The subject tonight is purple prose in writing.
It’s late and I’m a bit brain dead, so I turned on the TV, and found one of my favorite high school movies. Okay, not from when I was in high school…lol…but about high school–10 Things I Hate About You with Julie Stiles and Heath Ledger. It’s one of those fun, date the girl for money and then fall for her types of movies. Anyway, the guidance counselor in the movie is writing a romance novel rife with purple prose in between her counseling sessions, and often during…lol.
My favorite line is when Heath Ledger gets sent to her office because he exposed himself in the cafeteria. He tells her he was just playing a joke on the lunch lady, and it was actually a bratwurst. So, the guidance counselor said, “Hmm, optimistic, aren’t we?” as she glances down at his crotch…rofl! 🙂 Speaking personally, I wouldn’t mind checking out Heath Ledger’s “bratwurst”…lol. But I digress. Anyway – then she goes back to her computer and writes in “his throbbing bratwurst” into her story…lol.
There are several who poke fun at the romance industry for the purple prose of the past, but I for one appreciate how nimble our genre has been to change with the times. At one time phrases such as “cloistered cock,” “throbbing manhood,” and “heaving bosoms” all had their place between the pages of a romance novel. And people bought them, read them, enjoyed them and lived vicariously through characters who struggled and overcame to find their own happily ever after.
So what’s changed today? Definitely the verbiage we use. But if it wasn’t for those pioneers who trailblazed the industry before us, we wouldn’t have cliches or purple prose. It makes me smile to speculate what “new fresh verbiage” I’m using in books today that will be considered cliche or purple prose in twenty years, or even less. 🙂 And while I didn’t really enjoy reading the same romance novels that my mother did, I do recognize that romance has grown, changed and evolved with the times. It’s a great slice of society and civilization–a point in time study, as one of my college professors used to say.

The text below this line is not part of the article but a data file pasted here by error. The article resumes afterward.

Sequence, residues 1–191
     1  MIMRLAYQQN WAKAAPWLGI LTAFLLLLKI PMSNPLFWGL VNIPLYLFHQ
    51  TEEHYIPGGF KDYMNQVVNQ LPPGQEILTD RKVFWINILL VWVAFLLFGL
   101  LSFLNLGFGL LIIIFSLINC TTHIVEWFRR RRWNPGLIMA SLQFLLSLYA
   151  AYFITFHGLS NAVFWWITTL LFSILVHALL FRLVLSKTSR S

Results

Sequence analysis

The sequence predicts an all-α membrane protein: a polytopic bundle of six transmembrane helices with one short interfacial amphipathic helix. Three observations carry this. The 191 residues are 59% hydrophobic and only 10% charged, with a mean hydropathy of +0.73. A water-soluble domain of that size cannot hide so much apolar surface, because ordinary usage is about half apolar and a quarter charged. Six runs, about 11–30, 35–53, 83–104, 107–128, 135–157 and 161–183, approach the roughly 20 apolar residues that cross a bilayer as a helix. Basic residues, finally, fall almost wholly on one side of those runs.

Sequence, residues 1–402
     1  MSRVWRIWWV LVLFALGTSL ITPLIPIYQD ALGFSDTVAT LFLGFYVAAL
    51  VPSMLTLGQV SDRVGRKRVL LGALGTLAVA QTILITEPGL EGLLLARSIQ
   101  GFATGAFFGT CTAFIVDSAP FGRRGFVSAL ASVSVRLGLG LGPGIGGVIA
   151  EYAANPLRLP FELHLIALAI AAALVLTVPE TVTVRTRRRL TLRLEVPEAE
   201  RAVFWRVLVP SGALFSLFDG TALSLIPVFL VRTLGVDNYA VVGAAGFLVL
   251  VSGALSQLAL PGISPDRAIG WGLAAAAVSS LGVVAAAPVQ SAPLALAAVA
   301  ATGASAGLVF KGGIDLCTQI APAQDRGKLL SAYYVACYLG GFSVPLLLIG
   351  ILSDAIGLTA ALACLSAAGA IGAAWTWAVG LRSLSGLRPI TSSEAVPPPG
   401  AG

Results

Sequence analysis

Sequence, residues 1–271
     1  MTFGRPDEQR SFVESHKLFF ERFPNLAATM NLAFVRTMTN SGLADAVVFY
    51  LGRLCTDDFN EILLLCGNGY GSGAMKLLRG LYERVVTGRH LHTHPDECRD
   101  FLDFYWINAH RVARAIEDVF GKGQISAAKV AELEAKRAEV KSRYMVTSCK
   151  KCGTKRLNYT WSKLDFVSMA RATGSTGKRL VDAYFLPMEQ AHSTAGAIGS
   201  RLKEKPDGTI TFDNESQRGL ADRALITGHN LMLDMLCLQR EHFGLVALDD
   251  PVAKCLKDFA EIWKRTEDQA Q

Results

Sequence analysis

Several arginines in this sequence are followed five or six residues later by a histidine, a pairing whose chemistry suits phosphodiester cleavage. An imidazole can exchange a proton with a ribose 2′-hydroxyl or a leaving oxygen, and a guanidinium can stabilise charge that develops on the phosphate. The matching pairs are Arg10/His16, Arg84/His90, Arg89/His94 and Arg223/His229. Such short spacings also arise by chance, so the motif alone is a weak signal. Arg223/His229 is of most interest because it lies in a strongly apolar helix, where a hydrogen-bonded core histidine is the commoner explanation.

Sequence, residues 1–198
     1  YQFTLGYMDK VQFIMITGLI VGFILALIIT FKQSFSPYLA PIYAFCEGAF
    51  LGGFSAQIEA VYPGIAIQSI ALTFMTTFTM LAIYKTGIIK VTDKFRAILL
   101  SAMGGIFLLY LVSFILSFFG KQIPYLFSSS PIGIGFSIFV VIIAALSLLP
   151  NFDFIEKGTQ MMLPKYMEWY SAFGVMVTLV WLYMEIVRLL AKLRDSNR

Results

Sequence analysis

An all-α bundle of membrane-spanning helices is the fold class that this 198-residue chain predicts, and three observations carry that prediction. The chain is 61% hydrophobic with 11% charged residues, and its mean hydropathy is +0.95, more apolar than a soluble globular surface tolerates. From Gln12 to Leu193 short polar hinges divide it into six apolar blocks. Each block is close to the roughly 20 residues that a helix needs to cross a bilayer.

Today, our heroines are strong women for the most part, some even kick ass, which definitely reflects the times we live in. Women have more power in our society, more independence and more clout. Their status is growing and our heroines reflect that. I know in my own books I have very strong heroes, strong enough that they are good match for my heroines – but in the end, my heroines end up saving themselves. They don’t wait around for the knight in shining armor, although they appreciate him as a helpmate and an equal.
So the next time you see or hear someone spoofing on romance or citing purple prose and making fun of it – just remember that the women who penned these now overused gems were the trailblazers of their time. So, while I can’t read a novel with purple prose without chuckling, I don’t judge too harshly, because with luck, someone will be chuckling over mine in a generation or two because I happened to blaze a trail for them to follow in our ever changing genre.
So here’s to all those brave women who came before me. I’m raising a butterscotch martini to all of you!